being when applied opaque, and much whiter than sugar of lead. 


gil,lh:n^g water. 

42. In the preparation of size for gilding on glass, the 
greatest care must be observed to avoid the existence of the 
smallest particle of oil in the vessel in which it is made. In 
fact, the most scru^julous cleanliness is necessary throughout 
the preparation of the size, as the faintest trace of any foreign 
matter will materially injure the gilding. 

Size for glass gilding is prepared by dissolving, in a pint of 
pure water, a piece of Russian isinglass about the size of a 
silver dime. The vessel containing the water is then placed 
over a gas stove, coal fire, or other device that will heat it 
rapidly to the boiling point. After boiling about thirty seconds 
it is removed from the fire, and allowed to cool ; it should then 
be strained through a perfectly clean piece of muslin, after 
which it is ready for use. This gilding water or size must be 
prepared fresh every day, as it is practically useless after 
twenty-four hours, and should always be made with distilled, 
rain, or melted-ice water, the first being preferred. 



43. Sizes for gilding on wood or metal are of two kinds, 
known as slow size and quick size. The former is used when 
the sign or surface to be gilded is large, and will require con- 
siderable time to complete the gilding ; while the latter is used 
on small zinc or japanned iron signs, where the letters are small 
and the entire gilding can be completed in from one to five hours. 

44. Slow Size. — Slow size is made from boiled linseed 
oil. The oil is allowed to stand in a warm place until it is of 
about the consistency of molasses, and is then called fat oil.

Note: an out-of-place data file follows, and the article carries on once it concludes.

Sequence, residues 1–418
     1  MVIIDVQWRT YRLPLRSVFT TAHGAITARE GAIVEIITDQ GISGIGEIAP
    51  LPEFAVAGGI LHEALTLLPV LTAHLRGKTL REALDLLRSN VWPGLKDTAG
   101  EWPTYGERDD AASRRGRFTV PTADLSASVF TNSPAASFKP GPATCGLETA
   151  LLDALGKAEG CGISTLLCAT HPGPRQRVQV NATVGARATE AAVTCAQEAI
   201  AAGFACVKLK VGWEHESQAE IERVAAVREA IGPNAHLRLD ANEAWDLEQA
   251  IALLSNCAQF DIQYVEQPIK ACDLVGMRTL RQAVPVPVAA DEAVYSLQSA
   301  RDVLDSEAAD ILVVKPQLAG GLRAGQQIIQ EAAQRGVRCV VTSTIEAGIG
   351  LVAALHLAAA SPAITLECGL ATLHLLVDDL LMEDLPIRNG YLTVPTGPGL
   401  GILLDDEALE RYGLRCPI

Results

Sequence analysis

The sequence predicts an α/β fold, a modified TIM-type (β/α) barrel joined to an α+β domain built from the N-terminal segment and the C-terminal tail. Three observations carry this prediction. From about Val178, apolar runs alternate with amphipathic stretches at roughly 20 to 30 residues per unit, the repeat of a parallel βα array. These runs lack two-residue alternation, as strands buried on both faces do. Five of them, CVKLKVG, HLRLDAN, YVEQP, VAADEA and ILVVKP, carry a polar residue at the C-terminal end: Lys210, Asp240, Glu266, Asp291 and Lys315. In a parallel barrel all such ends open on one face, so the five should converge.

Equal quantities of fresh boiled oil and coachmakers' japan are 
mixed together ; this mixture and the fat oil are then united 
in equal proportions, together with a sufl&cient quantity of 
chrome yellow to render it easily seen during its application to 
the surface to be gilded. These, when thoroughly stirred 
together, will form a size that will stand from fifteen to twenty- 
four hours. The drying qualities of the slow size are influenced 
by the temperature in which it is allowed to stand. 

45. Use of Slow Size. — In using this slow size, it must 
not be allowed to flow thickly over the surface, but should be 
brushed out evenly to cover the entire surface, to which it is 
applied to an even depth. If one part is more thickly coated 
than another, it will not dry to the surface of the sign, and will 
afterward break through the gilding when the surplus gold leaf 
is being removed, or when the gold is burnished. This size will 
keep ready for use for a long period if placed in a corked bottle 
or tightly capped jar. 

46. Quick Size. — Quick size is made in several ways, 
according to the length of time required for it to dry. This is 
of course governed largely by the amount of work ahead of the 
letterer to be gilded. About 30 drops of boiled oil added to 
^ ounce of Hedden & Wheeler's japan gold size will prepare a 
size that will dry in about two hours. This can be made 
(juicker drying by reducing the quantity of oil. But to add 
oil in excess of the quantity prescribed above will produce an 


unreliable mixture, so that another preparation is necessary for 
slower size. The above size should be colored with a little 
orange or lemon chrome yellowy well mixed together on a glass 
surface by the use of a palette knife. 

47. A Medium-Slow Size. — Another size that Avill stand 
longer than the above is prepared by stirring, in ^ ounce of 
coach finishing varnish, about 30 drops of coachmakers' japan. 
This will stand four or five hours. In all work of importance